Since the morphology of a fossil cannot be changed, it is obvious that the dating is the more subjective element of the two items.
Yet, accurate dating of fossils is so essential that the scientific respectability of evolution is contingent upon fossils having appropriate dates.
The Oxalic acid standard was made from a crop of 1955 sugar beet. The isotopic ratio of HOx I is -19.3 per mille with respect to (wrt) the PBD standard belemnite (Mann, 1983). T designation SRM 4990 C) was made from a crop of 1977 French beet molasses.
The Oxalic acid standard which was developed is no longer commercially available. In the early 1980's, a group of 12 laboratories measured the ratios of the two standards.
Much of the information presented in this section is based upon the Stuiver and Polach (1977) paper "Discussion: Reporting of C14 data". 1890 wood was chosen as the radiocarbon standard because it was growing prior to the fossil fuel effects of the industrial revolution.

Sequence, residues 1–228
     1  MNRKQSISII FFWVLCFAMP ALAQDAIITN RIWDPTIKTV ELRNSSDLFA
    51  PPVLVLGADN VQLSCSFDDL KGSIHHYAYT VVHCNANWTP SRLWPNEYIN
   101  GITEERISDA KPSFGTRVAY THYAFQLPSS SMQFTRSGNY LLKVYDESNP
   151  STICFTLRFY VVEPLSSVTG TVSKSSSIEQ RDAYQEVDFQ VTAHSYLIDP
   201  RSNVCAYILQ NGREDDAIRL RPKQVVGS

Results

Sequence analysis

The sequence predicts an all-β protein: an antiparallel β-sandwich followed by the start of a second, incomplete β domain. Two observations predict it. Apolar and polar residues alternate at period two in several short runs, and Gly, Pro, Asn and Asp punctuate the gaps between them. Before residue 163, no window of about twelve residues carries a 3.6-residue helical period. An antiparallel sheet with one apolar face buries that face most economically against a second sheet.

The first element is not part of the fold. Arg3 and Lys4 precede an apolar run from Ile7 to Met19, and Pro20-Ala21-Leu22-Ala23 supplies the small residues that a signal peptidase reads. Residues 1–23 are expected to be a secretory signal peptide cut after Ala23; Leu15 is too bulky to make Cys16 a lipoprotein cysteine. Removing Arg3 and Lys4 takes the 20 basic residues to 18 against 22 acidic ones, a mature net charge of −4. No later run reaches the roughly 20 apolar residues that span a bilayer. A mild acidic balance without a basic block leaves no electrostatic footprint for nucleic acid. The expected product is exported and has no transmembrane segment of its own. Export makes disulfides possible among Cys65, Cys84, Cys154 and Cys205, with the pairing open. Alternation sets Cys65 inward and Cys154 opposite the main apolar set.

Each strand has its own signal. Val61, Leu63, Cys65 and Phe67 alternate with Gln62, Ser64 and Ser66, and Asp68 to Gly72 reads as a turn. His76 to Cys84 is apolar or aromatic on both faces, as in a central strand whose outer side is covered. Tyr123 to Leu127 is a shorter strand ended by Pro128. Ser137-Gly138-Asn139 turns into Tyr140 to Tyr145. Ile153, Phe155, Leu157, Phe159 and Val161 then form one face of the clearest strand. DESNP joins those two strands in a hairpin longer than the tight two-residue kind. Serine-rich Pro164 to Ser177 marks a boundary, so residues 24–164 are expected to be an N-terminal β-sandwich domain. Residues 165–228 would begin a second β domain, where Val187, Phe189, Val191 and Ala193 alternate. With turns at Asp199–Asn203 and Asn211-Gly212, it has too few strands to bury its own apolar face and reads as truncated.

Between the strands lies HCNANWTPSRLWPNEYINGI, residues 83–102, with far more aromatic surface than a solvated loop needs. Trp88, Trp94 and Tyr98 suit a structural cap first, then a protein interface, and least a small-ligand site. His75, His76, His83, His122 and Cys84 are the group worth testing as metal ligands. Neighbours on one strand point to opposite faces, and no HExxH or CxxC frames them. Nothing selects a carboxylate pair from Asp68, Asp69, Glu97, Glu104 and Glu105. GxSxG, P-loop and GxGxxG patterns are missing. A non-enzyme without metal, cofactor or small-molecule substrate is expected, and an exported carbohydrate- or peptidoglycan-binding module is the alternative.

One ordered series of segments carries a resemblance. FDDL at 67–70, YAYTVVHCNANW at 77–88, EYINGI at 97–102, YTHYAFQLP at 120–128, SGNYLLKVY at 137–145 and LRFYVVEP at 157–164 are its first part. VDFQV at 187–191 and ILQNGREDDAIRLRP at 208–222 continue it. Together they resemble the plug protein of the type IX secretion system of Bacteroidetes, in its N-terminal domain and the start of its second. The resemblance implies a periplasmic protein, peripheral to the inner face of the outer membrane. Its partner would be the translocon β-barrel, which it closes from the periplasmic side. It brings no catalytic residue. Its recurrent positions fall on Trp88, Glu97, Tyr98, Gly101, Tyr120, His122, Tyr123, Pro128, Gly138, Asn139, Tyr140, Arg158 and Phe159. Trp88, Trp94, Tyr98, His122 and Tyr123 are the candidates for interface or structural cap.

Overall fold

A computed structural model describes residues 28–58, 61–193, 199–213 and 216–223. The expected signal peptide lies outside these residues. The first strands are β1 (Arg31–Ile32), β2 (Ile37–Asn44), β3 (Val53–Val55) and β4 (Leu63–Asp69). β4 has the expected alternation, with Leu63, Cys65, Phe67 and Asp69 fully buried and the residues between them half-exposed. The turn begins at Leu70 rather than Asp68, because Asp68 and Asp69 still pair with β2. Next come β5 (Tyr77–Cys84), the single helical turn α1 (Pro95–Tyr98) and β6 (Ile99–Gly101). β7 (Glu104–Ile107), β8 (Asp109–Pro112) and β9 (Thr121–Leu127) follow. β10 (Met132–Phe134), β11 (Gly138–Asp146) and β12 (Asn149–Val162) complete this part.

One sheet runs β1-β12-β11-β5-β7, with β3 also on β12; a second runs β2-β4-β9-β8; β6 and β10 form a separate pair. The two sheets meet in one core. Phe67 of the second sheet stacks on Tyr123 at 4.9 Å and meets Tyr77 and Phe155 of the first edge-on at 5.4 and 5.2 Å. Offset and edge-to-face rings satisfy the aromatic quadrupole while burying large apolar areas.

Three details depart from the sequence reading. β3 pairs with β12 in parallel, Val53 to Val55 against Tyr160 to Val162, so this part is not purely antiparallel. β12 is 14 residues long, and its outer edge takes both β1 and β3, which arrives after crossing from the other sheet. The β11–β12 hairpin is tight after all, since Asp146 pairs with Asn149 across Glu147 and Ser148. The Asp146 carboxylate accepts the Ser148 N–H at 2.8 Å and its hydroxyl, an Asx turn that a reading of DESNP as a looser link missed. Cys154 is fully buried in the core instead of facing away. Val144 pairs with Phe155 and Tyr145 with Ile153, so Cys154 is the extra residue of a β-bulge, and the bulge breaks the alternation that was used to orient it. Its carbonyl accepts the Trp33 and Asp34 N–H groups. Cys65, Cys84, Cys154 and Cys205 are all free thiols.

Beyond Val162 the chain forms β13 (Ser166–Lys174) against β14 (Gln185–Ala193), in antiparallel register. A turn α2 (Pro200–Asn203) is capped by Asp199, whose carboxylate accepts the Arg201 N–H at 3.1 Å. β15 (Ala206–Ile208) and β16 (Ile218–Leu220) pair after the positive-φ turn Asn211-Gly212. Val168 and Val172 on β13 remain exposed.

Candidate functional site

A copy of this paper may be found in the Radiocarbon Home Page The radiocarbon age of a sample is obtained by measurement of the residual radioactivity. T (National Institute of Standards and Technology; Gaithersburg, Maryland, USA) Oxalic Acid I (C). The activity of 1890 wood is corrected for radioactive decay to 1950.
They used pottery and other materials in sites to date 'relatively'.